Anything to add, lads?   Surely Jean, and before the reader reaches the collection of links that Ron Edge has put up, we will pause together and remember the historian Murray Morgan.  We may still consider him the “Dean of Northwest Historians.”  His Skid Road is the most read history of Seattle, and was first published for the city’s first Centennial in 1951.  Murray was born in Tacoma during the big snow of 1916.  Had he lived he would have been celebrating his own centennial about now.  His century will be celebrated at the Tacoma Public Library on Saturday the upcoming 27th, probably in the elegant and yet well-packed Murray and Rosa Morgan Room there.  Check out the library’s web page if you like.   Here’s a portrait of Murray taken by Mary Randlett and shared by her.  Below it  is another 1916 big snow shot.  We miss both Murray and Rosa.

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MURRAY MORGAN’S CENTENNIAL

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THEN: Captioned Salmon Bay, 1887, this is most likely very near the eastern end of the bay where it was fed by Ross Creek, the Lake Union outlet. (Courtesy, Michael Maslan Vintage Posters and Photographs)

THEN: Looking east from the roof of the still standing testing lab, the Lock’s Administration Building (from which this photograph was borrowed) appears on the left, and the district engineer’s home, the Cavanaugh House (still standing) on the center horizon. (Photo courtesy Army Corps of Engineers at Chittenden Locks)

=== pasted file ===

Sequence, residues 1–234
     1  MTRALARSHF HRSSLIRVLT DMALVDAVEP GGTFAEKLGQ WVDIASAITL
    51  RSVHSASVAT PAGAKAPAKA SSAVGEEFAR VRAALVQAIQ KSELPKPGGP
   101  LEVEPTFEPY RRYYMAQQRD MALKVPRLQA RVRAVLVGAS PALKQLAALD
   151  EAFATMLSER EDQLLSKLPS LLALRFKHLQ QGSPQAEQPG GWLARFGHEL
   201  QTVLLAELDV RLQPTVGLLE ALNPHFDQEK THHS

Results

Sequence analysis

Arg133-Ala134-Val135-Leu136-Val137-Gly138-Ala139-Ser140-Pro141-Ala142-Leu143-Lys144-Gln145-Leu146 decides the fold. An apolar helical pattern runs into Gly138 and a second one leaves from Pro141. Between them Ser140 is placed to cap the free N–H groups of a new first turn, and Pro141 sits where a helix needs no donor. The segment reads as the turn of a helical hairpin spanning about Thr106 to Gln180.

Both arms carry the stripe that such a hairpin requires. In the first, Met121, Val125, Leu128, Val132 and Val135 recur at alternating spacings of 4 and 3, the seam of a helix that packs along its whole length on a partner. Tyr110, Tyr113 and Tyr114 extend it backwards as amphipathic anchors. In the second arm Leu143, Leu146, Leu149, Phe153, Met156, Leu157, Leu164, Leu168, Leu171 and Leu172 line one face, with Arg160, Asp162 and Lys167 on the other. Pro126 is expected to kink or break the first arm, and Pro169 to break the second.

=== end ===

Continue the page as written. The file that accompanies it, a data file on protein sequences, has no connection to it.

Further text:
THEN: A Seattle Street and Sewer Department photographer recorded this scene in front of the nearly new City-County Building in 1918. The view looks west from 4th Avenue along a Jefferson Street vacated in this block except for the municipal trolley tracks. (Photo courtesy Seattle Municipal Archive)

THEN: A circa 1908 look northeast through the terminus of the Loyal Electric Street Railway line at the corner of now Northwest 85th Street, 32nd Ave. Northwest, and Loyal Way Northwest. (Courtesy, the Museum of History and Industry)

THEN: With his or her back to the original Ballard business district, an unnamed photographer looks southeast on Leary Way, most likely in 1936.

THEN: Built in 1910, Ballard’s big brick church on the northwest corner of 20th Avenue NW and NW 63rd Street lost the top of its soaring tower following the earthquake of Nov. 12, 1939.

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Appeared first in Pacific on March 11, 2001.
Appeared first in Pacific on March 11, 2001.

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First appeared in Pacific on January 12, 2003.
First appeared in Pacific on January 12, 2003.
This photo of a snow-bound Volunteer Park pavilion may or may not be from the big one of 1916.
While the panorama put above the feature above is of the big snow, this photo of a snow-bound Volunteer Park pavilion may or may not be from the big one of 1916.
Nearby at the southeast corner of 14th Ave.E. and Prospect Street.
Nearby at the southeast corner of 14th Ave.E. and Prospect Street.

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Horse logging down 15th Avenue Northeast with Science Hall (Parington Hall) on the U.W. campus.
Horse logging down 15th Avenue Northeast with Science Hall (Parrington Hall) on the U.W. campus.
First appeared in Pacific on Jan. 31, 1999.
First appeared in Pacific on Jan. 31, 1999.

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One thought on “Seattle Now & Then: Big Snow in Ballard, 1916”

  1. Thanks for the great Ballard Ave photo in the Pacific of Feb 21, 2016. I worked on Ballard Ave for 25 years (retiring 5 years ago) and always enjoy pics of what it used to look like, even buying a few from MOHAI. This is one I have never seen. I worked at a store located where the peaked-roof house is in the ‘Then’ pic, third structure from the right. This the first pic I have seen that shows that structure.